While any surgery is difficult to deal with, breast removal can be especially upsetting both before and after the surgery. It leaves a scar over one side of the chest. Often referred to as a mastectomy, breast removal surgery is usually a result of a breast cancer. Although breast cancer is most common in women, it does occur in men, as well. There are several choices in how to physically address the loss of the shape of the breast when it is removed. Some women choose to have reconstructive surgery or breast implants as part of the breast removal surgery. Other options are to wear an exterior prosthesis, to have the surgery at a later time or to make no changes in the appearance after the mastectomy. The shape of the body is not the only thing that changes with surgery; it also leaves a lengthy scar. With the improvements in surgical techniques and the latest in technology, scars are thinner and shorter now than they used to be, but are still visible.
The patient usually has surgical drains in place for one to two weeks after the surgery. The skin begins to heal after the drains, dressings and sutures have been removed. The body begins to generate collagen tissue to fill in the skin areas to heal itself, creating a scar. This new layer of skin is coarser and thicker than normal skin and does not blend in well in appearance. Some women may prefer to minimize or fade scars as much as possible.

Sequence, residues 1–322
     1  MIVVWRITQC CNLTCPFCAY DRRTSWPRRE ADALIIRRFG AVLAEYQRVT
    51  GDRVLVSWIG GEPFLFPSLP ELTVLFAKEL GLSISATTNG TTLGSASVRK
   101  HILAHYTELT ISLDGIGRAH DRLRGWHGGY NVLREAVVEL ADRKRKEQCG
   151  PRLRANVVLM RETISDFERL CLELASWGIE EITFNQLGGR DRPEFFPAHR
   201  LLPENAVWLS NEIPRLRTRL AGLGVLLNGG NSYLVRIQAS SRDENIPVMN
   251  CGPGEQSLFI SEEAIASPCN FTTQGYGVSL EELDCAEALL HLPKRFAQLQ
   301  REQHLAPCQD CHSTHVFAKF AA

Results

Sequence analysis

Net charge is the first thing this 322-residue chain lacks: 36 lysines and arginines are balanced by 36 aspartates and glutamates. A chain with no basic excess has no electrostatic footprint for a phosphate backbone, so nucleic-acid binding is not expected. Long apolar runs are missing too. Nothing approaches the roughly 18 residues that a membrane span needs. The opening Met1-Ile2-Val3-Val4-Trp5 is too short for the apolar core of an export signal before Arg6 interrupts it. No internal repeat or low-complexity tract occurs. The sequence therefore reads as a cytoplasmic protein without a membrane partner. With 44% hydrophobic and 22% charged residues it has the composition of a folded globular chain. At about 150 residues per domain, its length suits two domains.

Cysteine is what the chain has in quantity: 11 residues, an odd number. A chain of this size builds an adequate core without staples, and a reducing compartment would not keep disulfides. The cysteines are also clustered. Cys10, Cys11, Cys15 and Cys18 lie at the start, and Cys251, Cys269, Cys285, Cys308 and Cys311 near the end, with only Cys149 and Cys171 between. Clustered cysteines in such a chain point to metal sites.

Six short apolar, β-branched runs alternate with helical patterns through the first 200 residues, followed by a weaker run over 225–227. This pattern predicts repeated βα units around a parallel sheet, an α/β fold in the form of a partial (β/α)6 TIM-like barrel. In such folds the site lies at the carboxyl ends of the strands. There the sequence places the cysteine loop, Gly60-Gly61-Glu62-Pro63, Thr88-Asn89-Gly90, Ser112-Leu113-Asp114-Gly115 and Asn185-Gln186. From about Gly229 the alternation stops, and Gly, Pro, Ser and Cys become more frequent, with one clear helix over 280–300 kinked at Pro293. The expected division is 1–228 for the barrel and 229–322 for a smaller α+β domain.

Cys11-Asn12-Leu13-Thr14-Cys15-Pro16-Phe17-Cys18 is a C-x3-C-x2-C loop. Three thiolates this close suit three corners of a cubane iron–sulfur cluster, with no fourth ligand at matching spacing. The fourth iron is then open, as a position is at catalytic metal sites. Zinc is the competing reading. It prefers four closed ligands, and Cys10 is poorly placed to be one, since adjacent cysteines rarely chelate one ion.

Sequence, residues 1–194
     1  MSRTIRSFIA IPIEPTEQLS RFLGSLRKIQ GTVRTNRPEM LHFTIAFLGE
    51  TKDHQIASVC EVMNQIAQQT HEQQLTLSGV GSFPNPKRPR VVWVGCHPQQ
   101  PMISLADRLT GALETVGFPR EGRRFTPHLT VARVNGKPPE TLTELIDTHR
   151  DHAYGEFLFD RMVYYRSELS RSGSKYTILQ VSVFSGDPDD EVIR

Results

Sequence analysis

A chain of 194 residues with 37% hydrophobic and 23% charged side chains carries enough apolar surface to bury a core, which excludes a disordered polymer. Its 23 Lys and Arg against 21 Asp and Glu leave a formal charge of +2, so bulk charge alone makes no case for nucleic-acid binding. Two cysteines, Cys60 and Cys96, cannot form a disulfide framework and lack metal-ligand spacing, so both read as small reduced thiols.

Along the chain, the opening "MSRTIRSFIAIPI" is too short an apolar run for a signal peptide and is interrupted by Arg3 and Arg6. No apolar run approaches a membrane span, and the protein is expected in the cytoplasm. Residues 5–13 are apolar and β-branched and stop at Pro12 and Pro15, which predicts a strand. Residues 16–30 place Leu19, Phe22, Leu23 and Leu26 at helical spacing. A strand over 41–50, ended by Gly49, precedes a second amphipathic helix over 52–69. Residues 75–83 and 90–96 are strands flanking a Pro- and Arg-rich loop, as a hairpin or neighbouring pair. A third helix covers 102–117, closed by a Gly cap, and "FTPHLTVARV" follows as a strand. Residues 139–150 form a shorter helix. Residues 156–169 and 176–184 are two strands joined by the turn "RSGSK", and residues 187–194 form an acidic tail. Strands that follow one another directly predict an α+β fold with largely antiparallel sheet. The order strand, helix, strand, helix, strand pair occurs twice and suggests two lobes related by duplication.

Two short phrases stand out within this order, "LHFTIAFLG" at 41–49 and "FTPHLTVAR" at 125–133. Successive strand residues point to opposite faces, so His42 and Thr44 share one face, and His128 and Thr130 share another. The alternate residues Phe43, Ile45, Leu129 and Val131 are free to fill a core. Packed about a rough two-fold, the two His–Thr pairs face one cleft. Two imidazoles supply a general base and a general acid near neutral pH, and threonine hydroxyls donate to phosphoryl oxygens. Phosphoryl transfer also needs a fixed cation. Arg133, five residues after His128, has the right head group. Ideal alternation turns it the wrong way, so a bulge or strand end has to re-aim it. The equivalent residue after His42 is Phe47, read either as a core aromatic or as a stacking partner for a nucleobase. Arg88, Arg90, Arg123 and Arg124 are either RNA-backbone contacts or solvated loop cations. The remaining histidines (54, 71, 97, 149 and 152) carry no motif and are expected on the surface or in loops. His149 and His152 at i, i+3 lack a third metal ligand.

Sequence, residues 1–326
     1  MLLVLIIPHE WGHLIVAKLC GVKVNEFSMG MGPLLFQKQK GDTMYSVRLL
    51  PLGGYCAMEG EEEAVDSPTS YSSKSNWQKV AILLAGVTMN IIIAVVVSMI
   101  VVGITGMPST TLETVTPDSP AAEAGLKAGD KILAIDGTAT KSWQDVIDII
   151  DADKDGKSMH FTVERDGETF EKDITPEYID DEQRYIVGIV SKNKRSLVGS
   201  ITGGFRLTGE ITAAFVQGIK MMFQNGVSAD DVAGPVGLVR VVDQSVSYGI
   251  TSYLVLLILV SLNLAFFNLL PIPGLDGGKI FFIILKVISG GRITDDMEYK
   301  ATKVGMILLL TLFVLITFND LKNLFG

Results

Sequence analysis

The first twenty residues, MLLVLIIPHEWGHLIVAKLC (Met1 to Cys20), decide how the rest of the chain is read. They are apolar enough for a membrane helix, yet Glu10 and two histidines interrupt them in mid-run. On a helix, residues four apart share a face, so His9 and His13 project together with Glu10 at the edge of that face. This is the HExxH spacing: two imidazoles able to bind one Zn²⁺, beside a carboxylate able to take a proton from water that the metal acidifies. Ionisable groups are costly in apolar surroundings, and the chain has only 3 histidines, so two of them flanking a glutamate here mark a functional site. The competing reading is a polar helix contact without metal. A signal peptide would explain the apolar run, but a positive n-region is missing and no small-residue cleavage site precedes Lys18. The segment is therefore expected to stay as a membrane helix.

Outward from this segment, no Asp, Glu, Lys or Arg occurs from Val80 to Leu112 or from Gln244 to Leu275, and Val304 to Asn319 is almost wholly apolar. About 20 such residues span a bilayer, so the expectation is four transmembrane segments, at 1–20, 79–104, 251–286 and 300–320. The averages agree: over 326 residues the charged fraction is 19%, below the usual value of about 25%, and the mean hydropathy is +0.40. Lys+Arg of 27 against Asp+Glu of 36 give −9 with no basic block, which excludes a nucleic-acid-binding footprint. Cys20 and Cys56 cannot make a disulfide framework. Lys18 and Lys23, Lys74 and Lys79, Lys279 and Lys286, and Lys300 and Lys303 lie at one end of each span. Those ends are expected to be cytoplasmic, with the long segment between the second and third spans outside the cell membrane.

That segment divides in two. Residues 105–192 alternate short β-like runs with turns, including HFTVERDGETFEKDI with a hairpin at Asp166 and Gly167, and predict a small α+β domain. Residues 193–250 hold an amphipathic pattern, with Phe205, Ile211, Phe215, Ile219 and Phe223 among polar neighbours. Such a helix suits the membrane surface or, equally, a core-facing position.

Scarfade scar treatment products can be used to minimize the redness and thickness of mastectomy scars once the surgical incisions have healed. For patients wearing any type of clothing on top of the scarred area, the Scarfade silicone sheeting is a great option, as it will not affect clothing, but reduces the appearance of the scar significantly, depending on the skin type and age of the scar. Either the Scarfade silicone sheets or the scar gel tube is a practical option for those who wear a prosthetic breast directly on top of this area. The Scarfade gel can be massaged into the scarred area at least twice per day. Because the product is thick and sticky, the excess should be wiped off before dressing. Research suggest that pressure directly against the scar may actually be beneficial to faster healing and less noticeable scars.